Charlize and me (the real story)

Former Playboy SA editor Jeremy Gordin writes on that time he crossed paths with the yet-to-be star in 1993


I recently came across something Bertolt Brecht apparently said or wrote: “He who fights, can lose. [But] he who doesn’t fight, has already lost.”

Being Brecht, he was doubtless referring to the struggle we should all unceasingly wage against Fascism and capitalism, and in my view the ANC. Fair enough. But one thing I noticed about Brecht is that, unfortunately for him and us, he died at the age of 58[i].

I, however, am now 70. So while I appreciate Brecht’s implied emphasis on maintaining the good fight, on keeping one’s anger simmering 24/7 and for as long as you live, and while in my earlier years I was an angry young person, I did find myself making up a little aphorism this week.

I immediately concede that it’s lame, but here’s how it goes: “There is less ire as you tire (and maybe anti-depressants also help)”[ii].

I was thinking that, as we grow older, many or at least some of us become less prickly, less inclined to be fahribbledfaribel being a lovely Yiddish word meaning a “grievance” or “grudge”. This character shift makes it more pleasant for others and for yourself to be around yourself.

It also explains why I was only mildly fahribbled that my friend and colleague David Bullard unashamedly leapt into the spotlight ...

Imagine Bullard, if you will, clad in a pink tutu, performing a balletic jeté (leap) à la Nureyev on the stage at the Royal Opera House, Covent Garden. (Sorry, I was absorbed for a minute by that image. Let me return to what I was writing.)

I was only mildly fahribbled that my friend and colleague DB unashamedly leapt into the spotlight a few days ago regarding Charlize Theron.

Although I know DB is perilously close to turning 70, as did Pres Frogboiler a week ago, and although I did notice some slight fraying of DB’s cognitive abilities regarding Covid-19 inoculations and suchlike, I must say that during our recent interactions – by mobile phone, WhatsApp and email – DB has seemed as on the ball and piquant as ever.

Could living in the Cape, where thanks to the DA the livin’ is easy, the fish are jumpin’ and the cotton is high, and where one doesn’t have to be as constantly alert as we are in Gauteng, could this (I wondered) have blunted DB’s legendary acumen?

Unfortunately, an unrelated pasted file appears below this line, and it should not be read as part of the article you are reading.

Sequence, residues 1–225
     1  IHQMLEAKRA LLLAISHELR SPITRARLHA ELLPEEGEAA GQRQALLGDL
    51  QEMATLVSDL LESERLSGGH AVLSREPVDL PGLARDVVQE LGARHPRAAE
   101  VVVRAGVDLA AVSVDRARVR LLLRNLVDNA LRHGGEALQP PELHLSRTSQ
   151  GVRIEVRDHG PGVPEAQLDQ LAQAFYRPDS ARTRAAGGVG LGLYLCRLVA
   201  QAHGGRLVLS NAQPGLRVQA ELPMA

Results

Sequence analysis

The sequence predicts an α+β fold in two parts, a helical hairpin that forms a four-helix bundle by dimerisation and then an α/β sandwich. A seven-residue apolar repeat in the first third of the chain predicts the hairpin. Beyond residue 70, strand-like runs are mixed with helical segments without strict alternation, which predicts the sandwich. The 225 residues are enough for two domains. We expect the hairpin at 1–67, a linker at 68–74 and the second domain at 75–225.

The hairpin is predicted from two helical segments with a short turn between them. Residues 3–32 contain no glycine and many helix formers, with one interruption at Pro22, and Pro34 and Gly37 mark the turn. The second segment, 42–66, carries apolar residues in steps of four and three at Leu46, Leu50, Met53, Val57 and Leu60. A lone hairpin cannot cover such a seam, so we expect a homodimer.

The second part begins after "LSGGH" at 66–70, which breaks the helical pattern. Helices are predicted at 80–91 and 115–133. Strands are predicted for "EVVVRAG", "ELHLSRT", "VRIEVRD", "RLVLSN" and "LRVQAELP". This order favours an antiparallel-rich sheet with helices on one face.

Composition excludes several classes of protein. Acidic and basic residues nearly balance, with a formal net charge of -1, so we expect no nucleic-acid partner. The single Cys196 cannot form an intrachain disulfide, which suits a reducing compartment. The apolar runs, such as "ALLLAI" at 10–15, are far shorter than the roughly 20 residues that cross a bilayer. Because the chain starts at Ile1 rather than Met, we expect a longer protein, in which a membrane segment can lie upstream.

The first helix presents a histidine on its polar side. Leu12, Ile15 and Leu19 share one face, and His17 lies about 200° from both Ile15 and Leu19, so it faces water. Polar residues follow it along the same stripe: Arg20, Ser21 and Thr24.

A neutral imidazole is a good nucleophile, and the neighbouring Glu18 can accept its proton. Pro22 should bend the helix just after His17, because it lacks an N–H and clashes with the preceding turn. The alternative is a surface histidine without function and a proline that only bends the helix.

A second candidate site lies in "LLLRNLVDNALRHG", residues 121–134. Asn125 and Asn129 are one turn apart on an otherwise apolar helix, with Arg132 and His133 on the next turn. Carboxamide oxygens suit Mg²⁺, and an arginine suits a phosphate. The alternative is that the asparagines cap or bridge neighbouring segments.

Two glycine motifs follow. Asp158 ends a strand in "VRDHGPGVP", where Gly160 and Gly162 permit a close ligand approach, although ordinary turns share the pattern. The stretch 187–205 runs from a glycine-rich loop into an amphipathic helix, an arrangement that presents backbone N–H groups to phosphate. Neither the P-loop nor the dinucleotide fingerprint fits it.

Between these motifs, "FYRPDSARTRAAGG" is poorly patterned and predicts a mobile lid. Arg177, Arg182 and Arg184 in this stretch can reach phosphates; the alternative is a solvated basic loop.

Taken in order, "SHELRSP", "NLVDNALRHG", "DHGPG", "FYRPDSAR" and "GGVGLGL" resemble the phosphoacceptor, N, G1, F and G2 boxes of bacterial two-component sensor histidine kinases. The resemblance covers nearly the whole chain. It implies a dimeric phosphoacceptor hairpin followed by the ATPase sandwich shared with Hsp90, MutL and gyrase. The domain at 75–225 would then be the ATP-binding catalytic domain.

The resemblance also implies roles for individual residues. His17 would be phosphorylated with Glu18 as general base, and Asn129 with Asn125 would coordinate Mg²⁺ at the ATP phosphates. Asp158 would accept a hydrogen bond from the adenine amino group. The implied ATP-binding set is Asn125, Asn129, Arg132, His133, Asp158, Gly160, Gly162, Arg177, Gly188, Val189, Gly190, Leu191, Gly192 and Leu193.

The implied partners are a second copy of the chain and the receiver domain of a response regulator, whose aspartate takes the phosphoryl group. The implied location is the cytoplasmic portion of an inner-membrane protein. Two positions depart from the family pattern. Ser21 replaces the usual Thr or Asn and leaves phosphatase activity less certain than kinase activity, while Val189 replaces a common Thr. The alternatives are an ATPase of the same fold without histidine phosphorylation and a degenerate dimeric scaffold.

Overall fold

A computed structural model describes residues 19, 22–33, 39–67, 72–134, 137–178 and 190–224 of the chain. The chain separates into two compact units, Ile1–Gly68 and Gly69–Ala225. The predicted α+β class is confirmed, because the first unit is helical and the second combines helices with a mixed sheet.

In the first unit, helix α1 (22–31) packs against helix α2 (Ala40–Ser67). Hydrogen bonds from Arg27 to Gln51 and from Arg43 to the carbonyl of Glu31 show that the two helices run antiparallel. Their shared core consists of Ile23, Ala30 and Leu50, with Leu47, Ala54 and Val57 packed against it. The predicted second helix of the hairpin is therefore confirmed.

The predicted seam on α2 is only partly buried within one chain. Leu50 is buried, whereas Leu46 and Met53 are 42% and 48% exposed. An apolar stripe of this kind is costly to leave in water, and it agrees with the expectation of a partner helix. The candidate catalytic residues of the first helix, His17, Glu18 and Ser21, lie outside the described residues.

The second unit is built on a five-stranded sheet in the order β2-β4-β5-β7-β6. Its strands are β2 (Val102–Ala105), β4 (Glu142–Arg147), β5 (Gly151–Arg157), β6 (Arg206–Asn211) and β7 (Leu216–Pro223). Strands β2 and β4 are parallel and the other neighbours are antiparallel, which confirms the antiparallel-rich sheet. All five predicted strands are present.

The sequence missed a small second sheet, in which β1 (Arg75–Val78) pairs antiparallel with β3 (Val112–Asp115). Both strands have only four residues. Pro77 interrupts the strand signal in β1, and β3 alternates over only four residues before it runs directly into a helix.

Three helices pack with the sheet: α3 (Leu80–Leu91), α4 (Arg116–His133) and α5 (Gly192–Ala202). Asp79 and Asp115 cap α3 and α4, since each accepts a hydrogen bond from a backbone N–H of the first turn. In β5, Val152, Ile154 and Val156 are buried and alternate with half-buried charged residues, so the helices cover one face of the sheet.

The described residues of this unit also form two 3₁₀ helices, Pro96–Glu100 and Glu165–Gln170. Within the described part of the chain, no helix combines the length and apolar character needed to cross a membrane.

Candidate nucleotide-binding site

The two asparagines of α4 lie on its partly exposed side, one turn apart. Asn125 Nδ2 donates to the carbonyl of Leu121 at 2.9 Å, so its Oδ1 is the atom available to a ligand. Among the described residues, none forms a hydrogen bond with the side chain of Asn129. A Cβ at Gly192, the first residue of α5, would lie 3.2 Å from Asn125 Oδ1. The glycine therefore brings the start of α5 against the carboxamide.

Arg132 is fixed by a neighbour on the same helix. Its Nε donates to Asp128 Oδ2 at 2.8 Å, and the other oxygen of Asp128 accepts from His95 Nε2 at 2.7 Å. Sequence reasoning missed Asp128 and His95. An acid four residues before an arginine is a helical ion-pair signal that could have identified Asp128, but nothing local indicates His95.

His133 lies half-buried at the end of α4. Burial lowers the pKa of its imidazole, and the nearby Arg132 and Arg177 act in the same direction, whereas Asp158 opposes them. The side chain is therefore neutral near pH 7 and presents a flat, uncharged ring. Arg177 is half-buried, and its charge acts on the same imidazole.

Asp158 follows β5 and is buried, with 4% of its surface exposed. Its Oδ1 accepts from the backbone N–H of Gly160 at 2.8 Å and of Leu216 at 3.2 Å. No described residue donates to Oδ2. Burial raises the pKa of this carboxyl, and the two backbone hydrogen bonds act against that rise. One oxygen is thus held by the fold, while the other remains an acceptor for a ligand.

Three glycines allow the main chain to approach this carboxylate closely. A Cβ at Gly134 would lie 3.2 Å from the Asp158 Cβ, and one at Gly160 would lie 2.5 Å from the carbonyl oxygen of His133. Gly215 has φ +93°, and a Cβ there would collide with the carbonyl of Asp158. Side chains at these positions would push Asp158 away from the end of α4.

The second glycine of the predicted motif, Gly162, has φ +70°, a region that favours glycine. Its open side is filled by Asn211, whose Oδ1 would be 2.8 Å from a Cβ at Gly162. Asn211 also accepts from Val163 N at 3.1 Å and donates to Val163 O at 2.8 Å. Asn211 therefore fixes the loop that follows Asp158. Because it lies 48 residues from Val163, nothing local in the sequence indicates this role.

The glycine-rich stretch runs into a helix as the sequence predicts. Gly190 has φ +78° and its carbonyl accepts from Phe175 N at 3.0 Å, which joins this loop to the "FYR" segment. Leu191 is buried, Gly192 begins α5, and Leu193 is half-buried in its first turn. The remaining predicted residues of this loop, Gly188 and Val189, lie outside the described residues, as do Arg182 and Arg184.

Might he be suffering from post-traumatic amnesia, one of the sad concomitant features of living in this land? (Have a look at what young journalists write; have a look at many so-called history books.)

For DB must surely remember that if there is one person left in Seffrica who knows (as it were), and has experienced, Ms. Theron in some detail – at, one might say, a formative period in her development – DB must surely recall that such a person is me.

Why then did he not mention me in his article? 


Now then, I know that you’d like me to get on and explain what I’m talking about, but if you’ll forgive me – and I’m sincerely sorry – there is one other observation about aging that has occurred to me.

As you move into your latter decades, it seems that many or some, or at least a few of us, become less inclined to equivocate or rationalise, especially about ourselves. Time simply feels too short to get into that labyrinthine gallimaufry.

And so, ten years ago and during the 60 years preceding that time, I would have suggested all sorts of reasons and rationalizations for my truly appalling academic record at high school and early years at university [iii].

Now, however, I would not do so; now I’m clear about things. I was a spoilt brat and bloody lazy. Finish en klaar.

I mention this by way of pointing out that, notwithstanding my terrible record, in high school I did okay in English, history and unexpectedly, in my matric year(s) at Damelin College (1969-70), I also performed not too badly at Afrikaans. I had lucked out by having a wonderful Afrikaans teacher. His name was Ian Raper; and it seems it still is, though until about three minutes ago[iv] I’d lost touch with what had become of him.

I believe his mother tongue was English, though I’m not certain, but he wrote and edited Afrikaans poetry, and also had been, if I have this right, a part-time Hell’s Angel – and, to cut a long story short(er), he simply bothered to spend some time with me after class, listened to my attempts at writing poetry, read me his poems, and thereby taught me to drink deeply of the Afrikaans language.